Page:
It was the summer I left rehab. I was officially six weeks “clean” of alcohol and was taking my first baby steps back into the real world, when I looked down at my phone to see 11 missed calls. My heart sank. The number listed was an ex-addict from my former rehab—a brilliant young doctor named Liz* who had checked in for alcohol and cocaine addiction. This couldn’t be good. Dread pooling in my stomach, I called her back. She answered on the first ring.
“I’ve relapsed,” Liz sobbed. “I’m devastated.”
I listened sympathetically, as she outlined her shame and despair. In a society where children are taught to pass or fail, Liz’s take-home was clear. She had failed at recovery. I didn’t know it then, but this downward spiral of self recrimination would be instrumental in taking her life. Convinced her slip-up was evidence of her inability to succeed, it wasn’t long before Liz slipped up again. And again. Within two months, she’d fallen victim to a fatal overdose. It should never have ended that way. All we could do was mourn.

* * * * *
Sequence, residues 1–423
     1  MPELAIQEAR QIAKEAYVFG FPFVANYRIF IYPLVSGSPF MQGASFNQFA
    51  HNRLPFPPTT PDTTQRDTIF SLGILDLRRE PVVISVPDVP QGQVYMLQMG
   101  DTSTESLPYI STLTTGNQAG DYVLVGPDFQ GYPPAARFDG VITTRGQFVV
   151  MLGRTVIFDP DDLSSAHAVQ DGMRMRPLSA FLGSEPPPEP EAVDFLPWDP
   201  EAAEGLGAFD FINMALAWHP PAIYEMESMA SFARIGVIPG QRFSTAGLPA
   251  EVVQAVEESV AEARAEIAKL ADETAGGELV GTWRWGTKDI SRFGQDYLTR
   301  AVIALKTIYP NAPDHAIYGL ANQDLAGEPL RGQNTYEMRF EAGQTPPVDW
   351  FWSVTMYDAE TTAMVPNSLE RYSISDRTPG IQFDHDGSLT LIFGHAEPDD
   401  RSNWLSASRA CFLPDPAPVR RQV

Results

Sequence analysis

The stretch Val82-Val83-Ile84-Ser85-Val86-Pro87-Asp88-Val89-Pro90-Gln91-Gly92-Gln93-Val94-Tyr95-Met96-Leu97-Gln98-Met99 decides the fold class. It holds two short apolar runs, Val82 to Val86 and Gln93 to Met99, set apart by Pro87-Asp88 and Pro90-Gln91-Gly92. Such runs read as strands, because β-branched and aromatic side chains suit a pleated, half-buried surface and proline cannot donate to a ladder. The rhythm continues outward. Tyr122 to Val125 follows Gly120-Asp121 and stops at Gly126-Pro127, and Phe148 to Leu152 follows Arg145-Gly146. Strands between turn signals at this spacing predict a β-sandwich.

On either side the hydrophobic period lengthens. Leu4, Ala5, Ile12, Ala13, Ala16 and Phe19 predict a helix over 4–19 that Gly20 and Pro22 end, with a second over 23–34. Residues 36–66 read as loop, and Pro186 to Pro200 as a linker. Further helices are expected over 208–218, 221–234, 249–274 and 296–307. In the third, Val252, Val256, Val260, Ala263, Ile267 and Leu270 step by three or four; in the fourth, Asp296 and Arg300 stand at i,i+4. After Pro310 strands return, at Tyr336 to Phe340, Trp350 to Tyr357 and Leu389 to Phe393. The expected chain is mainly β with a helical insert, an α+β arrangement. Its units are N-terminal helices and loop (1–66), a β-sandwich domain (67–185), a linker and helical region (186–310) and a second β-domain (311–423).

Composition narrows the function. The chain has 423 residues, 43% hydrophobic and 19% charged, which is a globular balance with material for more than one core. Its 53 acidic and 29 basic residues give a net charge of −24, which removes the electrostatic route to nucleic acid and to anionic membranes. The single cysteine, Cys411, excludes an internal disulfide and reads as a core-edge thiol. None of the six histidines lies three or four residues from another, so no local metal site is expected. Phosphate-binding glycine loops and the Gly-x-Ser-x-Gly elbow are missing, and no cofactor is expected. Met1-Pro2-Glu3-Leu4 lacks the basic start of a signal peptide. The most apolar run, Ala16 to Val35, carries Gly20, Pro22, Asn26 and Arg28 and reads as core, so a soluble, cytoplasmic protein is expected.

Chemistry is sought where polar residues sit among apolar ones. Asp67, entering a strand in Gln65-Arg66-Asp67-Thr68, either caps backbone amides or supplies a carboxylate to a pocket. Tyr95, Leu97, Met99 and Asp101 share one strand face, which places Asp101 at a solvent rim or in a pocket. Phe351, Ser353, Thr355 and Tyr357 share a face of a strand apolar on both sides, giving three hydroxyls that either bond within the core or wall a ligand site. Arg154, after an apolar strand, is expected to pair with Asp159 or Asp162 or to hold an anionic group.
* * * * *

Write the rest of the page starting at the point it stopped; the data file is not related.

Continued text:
Six weeks earlier, I had checked into rehab, in my own black pit of despair. A bestselling author for almost a decade, I had started my career as a London journalism aged twenty, with just enough childhood trauma to send me into the open arms of Fleet Street drinking culture. My switch to novel writing marked the culmination of a life-long ambition to be an author. But by now I had a terrible secret. My heavy drinking was a habit I’d been using to successfully drown out painful feelings. Now I was using alcohol to plumb the feelings required to write crime-thrillers with a deep emotional core.
The journey through rehab though painful, and tough, was greatly eased by my fellow addicts. During the process we were urged to dig into the painful feelings that led to us to our various addictions. We were also shown the way to the famous 12-Steps program, to allow us to mature through the process of sobriety in a supportive community, ready to nurture of vulnerabilities and offer help.